by Sarah Glynn
This week, an Italian opinion poll found that 14% of respondents thought that Turkey was the country that posed the biggest threat to the world. It was an odd question, but the response does suggest that most people are more aware of the dangers posed by an aggressive imperialist Turkey than many politicians appear to be.
Italian perceptions may be heightened by Turkey’s actions in the Eastern Mediterranean and Artsakh/Nagorno Karabakh, but the dangers of the Turkish regime continue to increase in Syria, in Iraq and in Turkey itself.
As underlined by Tuesday’s strong judgement against Turkey in the European Court of Human Rights, the nature of the Turkish regime is publicly documented; however, this doesn’t translate into international action. The court ordered the immediate release of former People’s Democratic Party (HDP) co-leader Selahattin Demirtaș, recognising his four-year pre-trial detention as anti-democratic and driven by political motives. But Turkey will not cooperate with this order, and there is no appetite among European leaders to apply any pressure.
Meanwhile, Leyla Guven, co-chair of the Democratic Society Congress (DTK), and fearless campaigner for rights, freedoms and democracy, has been sentenced to 22 years, and arrested yet again; political prisoners are now four weeks into their rotating hunger strike against prison conditions and the isolation of Abdullah Ocalan; round-ups of other politicians and activists continue; and a bill about to be debated in the Turkish parliament would allow the authorities, without need for a court order, to replace an NGO’s executives, seize their documents, and stop their activity.
As sociologist Rosa Burç observed on Twitter (21 December): “Those who follow Turkish politics will have noticed this new language among commentators of ‘resuming peace talks’ and ‘political reforms’, creating the illusion Turkey might be changing policies domestically… I wonder with whom are they going to talk about peace if they lock up all key figures behind bars?”
The comprehensive nature of Turkey’s crackdown is demonstrated by lawsuits brought against Turkish citizens for insulting the president. From President Erdoğan’s installation up until the end of 2019, 27,717 lawsuits were filed, including 264 against children between 12 and 14.
While protests in the Kurdistan Region of Iraq (South Kurdistan) have faded into last week’s news, the problems have not gone away – and, as a paper by South Kurdistan intellectuals observes, these cannot be understood without looking at the impact of Turkey’s military operations and territorial occupation on the region’s social, economic and political situation.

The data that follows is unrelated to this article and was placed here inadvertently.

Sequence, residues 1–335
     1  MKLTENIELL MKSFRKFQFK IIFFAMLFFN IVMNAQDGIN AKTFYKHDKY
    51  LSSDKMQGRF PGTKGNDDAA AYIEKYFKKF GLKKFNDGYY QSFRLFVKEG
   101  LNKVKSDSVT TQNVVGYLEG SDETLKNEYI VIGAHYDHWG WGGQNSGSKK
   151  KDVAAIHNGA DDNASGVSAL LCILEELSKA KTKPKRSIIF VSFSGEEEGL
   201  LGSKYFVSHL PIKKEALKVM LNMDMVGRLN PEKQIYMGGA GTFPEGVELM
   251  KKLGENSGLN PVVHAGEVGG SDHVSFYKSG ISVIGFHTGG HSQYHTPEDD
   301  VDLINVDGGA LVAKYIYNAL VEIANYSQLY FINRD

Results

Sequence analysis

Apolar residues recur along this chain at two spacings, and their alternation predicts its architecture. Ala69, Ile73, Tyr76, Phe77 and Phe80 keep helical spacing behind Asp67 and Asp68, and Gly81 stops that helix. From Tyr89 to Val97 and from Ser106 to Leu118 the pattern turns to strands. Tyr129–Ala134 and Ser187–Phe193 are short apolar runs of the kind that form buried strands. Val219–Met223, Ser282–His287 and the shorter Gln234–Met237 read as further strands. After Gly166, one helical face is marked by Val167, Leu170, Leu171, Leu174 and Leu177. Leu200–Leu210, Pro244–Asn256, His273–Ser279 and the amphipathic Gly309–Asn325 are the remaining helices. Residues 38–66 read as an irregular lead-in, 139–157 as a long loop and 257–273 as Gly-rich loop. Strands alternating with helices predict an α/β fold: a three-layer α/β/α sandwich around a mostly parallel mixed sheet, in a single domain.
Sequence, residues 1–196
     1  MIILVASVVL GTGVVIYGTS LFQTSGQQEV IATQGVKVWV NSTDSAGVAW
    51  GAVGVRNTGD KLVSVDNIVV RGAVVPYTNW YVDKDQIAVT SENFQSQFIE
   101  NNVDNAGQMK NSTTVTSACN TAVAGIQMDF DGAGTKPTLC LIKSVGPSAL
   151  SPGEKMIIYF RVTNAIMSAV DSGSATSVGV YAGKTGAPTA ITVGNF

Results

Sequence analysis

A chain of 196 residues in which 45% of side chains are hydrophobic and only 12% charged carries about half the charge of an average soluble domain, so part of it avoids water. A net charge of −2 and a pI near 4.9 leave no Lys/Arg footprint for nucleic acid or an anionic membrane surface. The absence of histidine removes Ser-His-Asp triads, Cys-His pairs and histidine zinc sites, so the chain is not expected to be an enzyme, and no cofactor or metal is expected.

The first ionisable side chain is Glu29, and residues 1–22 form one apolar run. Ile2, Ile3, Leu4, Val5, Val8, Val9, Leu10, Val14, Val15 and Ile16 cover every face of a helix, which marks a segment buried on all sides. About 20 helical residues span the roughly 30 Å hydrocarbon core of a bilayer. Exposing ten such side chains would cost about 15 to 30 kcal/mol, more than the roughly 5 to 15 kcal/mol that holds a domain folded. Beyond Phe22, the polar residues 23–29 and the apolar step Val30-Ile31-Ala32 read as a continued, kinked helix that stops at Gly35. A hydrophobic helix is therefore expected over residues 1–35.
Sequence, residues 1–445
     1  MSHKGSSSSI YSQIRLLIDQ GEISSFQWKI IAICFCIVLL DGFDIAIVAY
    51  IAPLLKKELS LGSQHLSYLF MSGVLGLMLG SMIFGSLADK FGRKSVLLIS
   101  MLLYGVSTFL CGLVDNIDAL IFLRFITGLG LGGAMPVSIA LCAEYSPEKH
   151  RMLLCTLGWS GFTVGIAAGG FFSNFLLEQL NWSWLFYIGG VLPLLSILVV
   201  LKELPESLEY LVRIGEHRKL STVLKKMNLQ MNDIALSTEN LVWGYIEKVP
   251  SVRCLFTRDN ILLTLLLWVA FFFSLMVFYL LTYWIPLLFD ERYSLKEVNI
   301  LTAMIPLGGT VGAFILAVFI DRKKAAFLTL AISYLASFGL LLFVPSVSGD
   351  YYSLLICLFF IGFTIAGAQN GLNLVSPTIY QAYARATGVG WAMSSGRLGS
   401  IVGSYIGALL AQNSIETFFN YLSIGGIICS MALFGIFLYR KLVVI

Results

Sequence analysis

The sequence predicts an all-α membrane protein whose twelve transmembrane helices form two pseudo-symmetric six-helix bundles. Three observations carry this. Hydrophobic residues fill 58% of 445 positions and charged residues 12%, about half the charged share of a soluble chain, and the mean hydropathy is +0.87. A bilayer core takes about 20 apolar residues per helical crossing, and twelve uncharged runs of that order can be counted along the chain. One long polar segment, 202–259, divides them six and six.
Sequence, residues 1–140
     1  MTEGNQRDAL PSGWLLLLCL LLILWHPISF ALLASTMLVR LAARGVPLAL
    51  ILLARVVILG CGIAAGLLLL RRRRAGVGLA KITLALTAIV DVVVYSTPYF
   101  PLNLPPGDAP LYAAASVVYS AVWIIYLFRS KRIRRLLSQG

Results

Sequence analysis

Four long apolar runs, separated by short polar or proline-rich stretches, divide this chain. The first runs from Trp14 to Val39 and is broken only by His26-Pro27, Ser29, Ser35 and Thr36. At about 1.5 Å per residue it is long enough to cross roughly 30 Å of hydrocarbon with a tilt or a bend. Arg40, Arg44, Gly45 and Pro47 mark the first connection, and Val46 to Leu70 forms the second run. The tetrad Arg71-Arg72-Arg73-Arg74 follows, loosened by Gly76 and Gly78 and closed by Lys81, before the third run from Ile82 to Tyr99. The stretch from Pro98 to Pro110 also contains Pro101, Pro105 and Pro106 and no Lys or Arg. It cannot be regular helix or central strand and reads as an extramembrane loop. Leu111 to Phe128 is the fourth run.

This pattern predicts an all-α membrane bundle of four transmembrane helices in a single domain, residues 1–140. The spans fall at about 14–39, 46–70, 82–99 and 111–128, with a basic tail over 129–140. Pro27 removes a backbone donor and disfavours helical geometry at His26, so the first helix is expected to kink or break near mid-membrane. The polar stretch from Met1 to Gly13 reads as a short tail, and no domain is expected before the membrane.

Kurdish news-watchers have seen a series of portraits of young men appear on their screens. Very young men, who should have had their whole lives ahead of them, but who saw only poverty and unemployment. They went out into the streets to claim a future, but all they found was a shroud, after security forces responded to protestors with live ammunition. Hundreds more people were arrested, including journalists, and the main non-government television station has faced raids and closures.
As with so many oil-rich areas, South Kurdistan has suffered from the curse of black gold – not only in war, but also in corruption, and in an economy almost totally dependent on this one volatile industry. There has been little attempt to develop other sources of income, and a large part of the population relies on government jobs. This gave them a small stake in the system, but delays and cuts in public sector salaries, together with failing services, have destroyed even this grossly-unfair social contract.
The immediate cause of the anti-government protests was the unpaid salaries of the region’s extensive public sector, but those on the streets were venting their frustration at years of corrupt and incompetent government run by a small feudal elite, dominated by the Barzani family.
Rather than address these problems, the government has attempted to suppress the protests, so increasing public anger. Offices of both main government parties – the Barzani family’s Kurdistan Democratic Party (KDP) and the Patriotic Union of Kurdistan (PUK) – have been torched, but so have offices of other parties in a show of political frustration. So far, protests have lacked coherent leadership and strategy, but problems are only growing, and there is space for new movements to emerge – if not now, then in the near future.